Tanya Byron, the well known British television psychologist, talks about her latest role as the Government’s family internet mentor.

After her nearly one year’s research and investigation about teenagers and internet usage, “open a web browser and you walk through a global front door,” she says, “letting your kids use the web completely unsupervised is like opening your own doorand saying “They don’t know how to cross the road but they’ ll work it out”. And she also insist her viewpoint that it’s down to parents to protect their children, whether it’s online or on the street.

Teenagers are increasingly being lured into the alluring world of the internet, where they are willingly revealing personal information to complete strangers, and are completely nonchalant about it. It was previously thought that teenagers were duped into revealing personal information by sexual predators posing as teenagers themselves. But recent studies have shown that in most cases, these teenagers are aware that they are creating online friendships with complete strangers, and chatting with adults more than double their age. In spite of knowing these things, they are blissfully ignorant of the dangers of the internet. In spite of constant parental monitoring, a number of teenagers are falling prey to online sexual predators, and are becoming victims of child abuse. With the advent and widespread usage of social networking sites like Facebook, Twitter,MySpace, Orkut and LinkedIn, teenagers have become more vulnerable to the dangers of the internet.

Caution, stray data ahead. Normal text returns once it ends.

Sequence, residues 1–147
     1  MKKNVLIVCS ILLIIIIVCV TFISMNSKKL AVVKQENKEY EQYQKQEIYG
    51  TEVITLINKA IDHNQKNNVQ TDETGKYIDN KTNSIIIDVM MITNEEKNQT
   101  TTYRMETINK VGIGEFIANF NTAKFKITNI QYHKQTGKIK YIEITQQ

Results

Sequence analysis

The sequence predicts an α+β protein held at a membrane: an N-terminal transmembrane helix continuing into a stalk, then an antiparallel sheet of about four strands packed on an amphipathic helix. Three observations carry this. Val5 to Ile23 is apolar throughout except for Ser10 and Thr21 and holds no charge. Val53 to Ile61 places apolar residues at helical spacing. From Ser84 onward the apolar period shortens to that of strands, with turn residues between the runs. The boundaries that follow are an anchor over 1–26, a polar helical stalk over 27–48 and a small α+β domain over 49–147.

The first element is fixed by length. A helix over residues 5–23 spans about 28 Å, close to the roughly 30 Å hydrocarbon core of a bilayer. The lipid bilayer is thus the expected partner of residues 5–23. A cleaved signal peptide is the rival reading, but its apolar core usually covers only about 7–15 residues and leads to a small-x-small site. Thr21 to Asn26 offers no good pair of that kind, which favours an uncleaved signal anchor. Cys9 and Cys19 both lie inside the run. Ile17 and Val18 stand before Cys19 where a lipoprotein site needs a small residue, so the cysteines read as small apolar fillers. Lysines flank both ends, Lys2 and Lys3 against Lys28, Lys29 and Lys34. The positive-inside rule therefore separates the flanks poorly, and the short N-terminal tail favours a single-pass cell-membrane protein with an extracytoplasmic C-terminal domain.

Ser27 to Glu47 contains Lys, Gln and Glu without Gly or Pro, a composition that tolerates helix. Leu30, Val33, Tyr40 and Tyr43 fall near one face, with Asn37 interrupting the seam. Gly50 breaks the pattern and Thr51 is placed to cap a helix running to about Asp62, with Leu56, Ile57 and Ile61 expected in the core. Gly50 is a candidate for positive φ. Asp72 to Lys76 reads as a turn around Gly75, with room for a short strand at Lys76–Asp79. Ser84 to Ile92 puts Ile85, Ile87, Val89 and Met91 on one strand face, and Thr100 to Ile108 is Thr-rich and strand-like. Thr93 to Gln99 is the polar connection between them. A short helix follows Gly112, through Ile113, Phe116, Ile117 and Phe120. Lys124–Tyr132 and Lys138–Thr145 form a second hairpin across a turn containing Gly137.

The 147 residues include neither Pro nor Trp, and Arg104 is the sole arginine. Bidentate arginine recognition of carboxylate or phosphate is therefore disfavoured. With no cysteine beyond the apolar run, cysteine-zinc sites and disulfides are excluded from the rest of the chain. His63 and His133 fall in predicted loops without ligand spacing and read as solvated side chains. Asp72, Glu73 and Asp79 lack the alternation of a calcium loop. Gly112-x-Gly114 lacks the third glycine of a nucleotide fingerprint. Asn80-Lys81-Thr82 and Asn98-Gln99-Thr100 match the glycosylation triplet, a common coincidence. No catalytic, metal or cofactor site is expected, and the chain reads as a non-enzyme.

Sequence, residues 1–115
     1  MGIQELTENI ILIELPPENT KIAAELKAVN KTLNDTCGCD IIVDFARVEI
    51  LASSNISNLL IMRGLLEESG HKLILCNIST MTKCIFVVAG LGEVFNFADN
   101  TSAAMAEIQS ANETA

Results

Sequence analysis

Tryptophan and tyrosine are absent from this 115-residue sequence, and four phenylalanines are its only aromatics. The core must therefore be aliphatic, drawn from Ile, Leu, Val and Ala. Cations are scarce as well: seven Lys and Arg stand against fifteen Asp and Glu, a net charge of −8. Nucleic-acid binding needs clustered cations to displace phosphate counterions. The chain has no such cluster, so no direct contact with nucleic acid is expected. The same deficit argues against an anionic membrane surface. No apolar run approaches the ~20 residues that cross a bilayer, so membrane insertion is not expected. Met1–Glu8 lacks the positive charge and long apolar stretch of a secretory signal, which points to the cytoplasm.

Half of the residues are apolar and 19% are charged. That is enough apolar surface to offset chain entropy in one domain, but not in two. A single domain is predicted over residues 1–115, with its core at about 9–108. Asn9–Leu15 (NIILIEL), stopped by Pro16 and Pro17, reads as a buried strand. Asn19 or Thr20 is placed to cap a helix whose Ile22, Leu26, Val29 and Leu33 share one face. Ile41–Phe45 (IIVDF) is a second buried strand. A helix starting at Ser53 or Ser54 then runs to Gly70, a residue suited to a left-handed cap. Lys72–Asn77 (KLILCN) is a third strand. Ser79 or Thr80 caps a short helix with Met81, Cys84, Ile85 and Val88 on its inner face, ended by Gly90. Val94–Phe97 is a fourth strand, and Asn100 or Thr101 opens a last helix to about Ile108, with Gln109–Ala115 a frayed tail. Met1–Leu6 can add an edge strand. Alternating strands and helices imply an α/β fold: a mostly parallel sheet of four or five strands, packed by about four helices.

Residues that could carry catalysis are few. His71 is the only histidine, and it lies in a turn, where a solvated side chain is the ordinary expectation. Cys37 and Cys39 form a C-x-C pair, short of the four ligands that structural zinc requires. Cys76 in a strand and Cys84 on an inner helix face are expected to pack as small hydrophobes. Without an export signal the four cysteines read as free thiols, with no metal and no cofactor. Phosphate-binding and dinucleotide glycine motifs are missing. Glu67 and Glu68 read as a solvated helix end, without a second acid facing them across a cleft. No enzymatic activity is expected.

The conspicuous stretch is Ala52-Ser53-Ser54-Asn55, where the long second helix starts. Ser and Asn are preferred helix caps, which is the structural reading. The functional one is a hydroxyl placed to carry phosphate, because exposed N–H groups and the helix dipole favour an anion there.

Lo que los padres necesitan saber de navegar con seguridad

Treat the online world as you would the real world: make sure you know something about what you’re children are doing.

Ask your children to show you at least some of what they do a computer, but respect their right to privacy.

Put the family computer in a public place.

Utilice una web programa de filtrado o software de control parental (see Best Buy) to make sure your children can’t access potentially disturbing content online.

Treat the internet primarily as a resource. If your children use it to help each other with their homework, for example, ask how best to manage that, rather than assuming it’s a bad thing.

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